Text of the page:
I'm struggling to find pragmatic real-world advice on function naming conventions for a medium sized C library project. My library project is separated into a few modules and submodules with their own headers, and loosely follows an OO style (all functions take a certain struct as first argument, no globals etc). It's laid our something like:

  - Foo
    - foo.h
    - foo_internal.h
    - some_foo_action.c
    - another_foo_action.c
    - Baz
      - baz.h
      - some_baz_action.c
  - Bar
    - bar.h
    - bar_internal.h
    - some_bar_action.c

Generally the functions are far too big to (for example) stick some_foo_action and another_foo_action in one foo.c implementation file, make most functions static, and call it a day.

I can deal with stripping my internal ("module private") symbols when building the library to avoid conflicts for my users with their client programs, but the question is how to name symbols in my library? So far I've been doing:

struct MyLibFoo;
void MyLibFooSomeAction(MyLibFoo *foo, ...);

struct MyLibBar;
void MyLibBarAnAction(MyLibBar *bar, ...);

// Submodule
struct MyLibFooBaz;
void MyLibFooBazAnotherAction(MyLibFooBaz *baz, ...);

But I'm ending up with crazy long symbol names (much longer than the examples). If I don't prefix the names with a "fake namespace", modules' internal symbol names all clash.

Note: I don't care about camelcase/Pascal case etc, just the names themselves.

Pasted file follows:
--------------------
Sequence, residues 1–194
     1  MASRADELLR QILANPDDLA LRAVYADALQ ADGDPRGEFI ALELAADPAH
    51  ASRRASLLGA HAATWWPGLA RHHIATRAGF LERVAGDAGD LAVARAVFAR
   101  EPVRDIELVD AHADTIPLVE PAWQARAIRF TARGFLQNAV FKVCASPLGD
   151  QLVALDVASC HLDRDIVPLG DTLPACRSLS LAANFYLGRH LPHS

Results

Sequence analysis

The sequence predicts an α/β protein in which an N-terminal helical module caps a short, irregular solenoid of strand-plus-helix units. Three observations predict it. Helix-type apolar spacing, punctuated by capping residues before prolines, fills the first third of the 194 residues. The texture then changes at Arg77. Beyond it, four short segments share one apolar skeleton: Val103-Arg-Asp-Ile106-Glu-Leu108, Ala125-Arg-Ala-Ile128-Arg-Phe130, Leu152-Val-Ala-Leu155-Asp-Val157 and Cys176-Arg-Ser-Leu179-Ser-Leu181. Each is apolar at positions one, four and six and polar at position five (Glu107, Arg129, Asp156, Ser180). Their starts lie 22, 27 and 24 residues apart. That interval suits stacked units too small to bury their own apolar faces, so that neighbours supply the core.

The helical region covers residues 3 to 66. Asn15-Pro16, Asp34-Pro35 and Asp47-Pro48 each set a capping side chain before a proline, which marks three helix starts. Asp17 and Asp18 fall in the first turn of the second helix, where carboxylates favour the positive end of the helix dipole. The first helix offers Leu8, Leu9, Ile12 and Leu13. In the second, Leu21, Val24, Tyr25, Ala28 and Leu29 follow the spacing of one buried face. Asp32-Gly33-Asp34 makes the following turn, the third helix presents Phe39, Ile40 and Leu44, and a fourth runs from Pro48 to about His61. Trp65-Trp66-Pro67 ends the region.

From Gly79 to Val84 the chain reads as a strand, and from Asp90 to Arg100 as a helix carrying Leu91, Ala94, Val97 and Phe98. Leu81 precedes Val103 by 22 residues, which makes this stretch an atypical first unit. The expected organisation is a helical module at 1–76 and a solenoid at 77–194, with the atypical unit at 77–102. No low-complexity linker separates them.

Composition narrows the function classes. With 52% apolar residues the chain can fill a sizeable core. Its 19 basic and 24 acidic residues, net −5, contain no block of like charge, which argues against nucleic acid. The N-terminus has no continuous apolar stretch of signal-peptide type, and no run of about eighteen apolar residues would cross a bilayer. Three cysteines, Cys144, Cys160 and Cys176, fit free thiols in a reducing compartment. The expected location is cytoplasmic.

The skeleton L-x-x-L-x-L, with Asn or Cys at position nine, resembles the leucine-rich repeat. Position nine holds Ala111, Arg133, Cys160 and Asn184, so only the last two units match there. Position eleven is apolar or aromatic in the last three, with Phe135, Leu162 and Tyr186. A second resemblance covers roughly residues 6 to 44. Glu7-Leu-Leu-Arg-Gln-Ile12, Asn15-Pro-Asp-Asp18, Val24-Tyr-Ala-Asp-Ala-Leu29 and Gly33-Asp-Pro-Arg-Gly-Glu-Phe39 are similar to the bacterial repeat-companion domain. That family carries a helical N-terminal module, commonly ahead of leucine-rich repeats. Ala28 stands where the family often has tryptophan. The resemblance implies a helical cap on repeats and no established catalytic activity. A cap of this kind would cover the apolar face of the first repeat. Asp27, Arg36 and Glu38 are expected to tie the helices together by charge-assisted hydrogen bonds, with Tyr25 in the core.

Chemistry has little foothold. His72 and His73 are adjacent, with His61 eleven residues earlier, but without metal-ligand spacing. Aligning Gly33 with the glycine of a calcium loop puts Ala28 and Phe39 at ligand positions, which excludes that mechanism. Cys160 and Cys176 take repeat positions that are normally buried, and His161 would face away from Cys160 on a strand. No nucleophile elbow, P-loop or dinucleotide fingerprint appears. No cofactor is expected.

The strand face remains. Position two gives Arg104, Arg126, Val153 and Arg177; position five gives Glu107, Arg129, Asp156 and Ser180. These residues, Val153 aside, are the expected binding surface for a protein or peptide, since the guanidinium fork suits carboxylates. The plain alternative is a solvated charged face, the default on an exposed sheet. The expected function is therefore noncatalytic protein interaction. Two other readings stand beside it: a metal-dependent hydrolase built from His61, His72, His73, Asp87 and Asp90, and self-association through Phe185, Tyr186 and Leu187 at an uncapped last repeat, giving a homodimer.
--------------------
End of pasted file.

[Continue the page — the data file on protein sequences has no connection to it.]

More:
4 Answers 4


Prefixing (well, affixing) is really the only option. Some patterns you'll see are <library>_<name> (e.g., OpenGL, ObjC runtime), <module/class>_<name> (e.g. parts of Linux), <library>_<module/class>_<name> (e.g., GTK+). Your scheme is perfectly reasonable.

Long names aren't necessarily bad if they are predictable. The fact that you are ending up with crazy long names and functions that are too big to stick with related functions in a single source file raises different concerns. Do you have some more concrete examples?

  • 1
    I see where you're coming from — I have wondered whether I'm being too pedantic about splitting into separate files, but it helps a lot with readability, maintenance and git mergeing. As an example I have a module for drawing UI with OpenGL, and I have separate .c files for each element that I need (slider.c, indicator.c etc). These element implementations have a main drawing function maybe a few hundred lines long, and a fair number of static helpers within. They also call a few pure geometry functions from within the UI module. Does that sound fairly typical? Commented Jun 20, 2013 at 15:50
  • A better example of the long names might be my audio module — I have a hierarchy like Audio Module > Engines > Channels > Filters which means something like MyLibAudioEngines<EngineName>Channel<ActionName>. Or in my filters submodule: MyLibAudioFilters<FilterName><Type><Action> eg. MyLibAudioFiltersBigSoundingCompressorFloat32Process Commented Jun 20, 2013 at 15:58
  • None of that seems unreasonable. A few hundred lines for a function seems a bit long but if what you are drawing is complicated, that can be difficult to avoid. Is it branch heavy or just a lot of instructions? Commented Jun 20, 2013 at 16:21